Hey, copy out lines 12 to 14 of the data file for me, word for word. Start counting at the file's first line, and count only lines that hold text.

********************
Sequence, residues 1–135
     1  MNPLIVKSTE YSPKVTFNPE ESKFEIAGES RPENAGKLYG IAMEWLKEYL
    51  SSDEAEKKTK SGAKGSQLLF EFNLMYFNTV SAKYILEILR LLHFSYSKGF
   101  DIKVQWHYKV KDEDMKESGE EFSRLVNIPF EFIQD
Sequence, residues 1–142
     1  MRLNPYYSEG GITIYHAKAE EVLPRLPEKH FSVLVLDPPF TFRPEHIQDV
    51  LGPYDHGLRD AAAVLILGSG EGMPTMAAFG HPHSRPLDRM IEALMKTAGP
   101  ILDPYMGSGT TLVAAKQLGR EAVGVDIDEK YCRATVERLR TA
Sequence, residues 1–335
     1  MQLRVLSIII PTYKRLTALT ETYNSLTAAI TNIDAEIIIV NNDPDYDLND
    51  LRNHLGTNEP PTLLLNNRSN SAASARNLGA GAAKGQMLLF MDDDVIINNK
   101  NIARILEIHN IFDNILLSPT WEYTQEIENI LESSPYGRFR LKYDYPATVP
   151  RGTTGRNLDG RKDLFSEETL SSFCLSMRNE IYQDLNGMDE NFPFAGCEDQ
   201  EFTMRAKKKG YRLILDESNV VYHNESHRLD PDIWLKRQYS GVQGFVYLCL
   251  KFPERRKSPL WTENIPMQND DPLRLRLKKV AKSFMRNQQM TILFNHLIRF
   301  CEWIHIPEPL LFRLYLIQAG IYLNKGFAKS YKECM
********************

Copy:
   101  NIARILEIHN IFDNILLSPT WEYTQEIENI LESSPYGRFR LKYDYPATVP
   151  RGTTGRNLDG RKDLFSEETL SSFCLSMRNE IYQDLNGMDE NFPFAGCEDQ
   201  EFTMRAKKKG YRLILDESNV VYHNESHRLD PDIWLKRQYS GVQGFVYLCL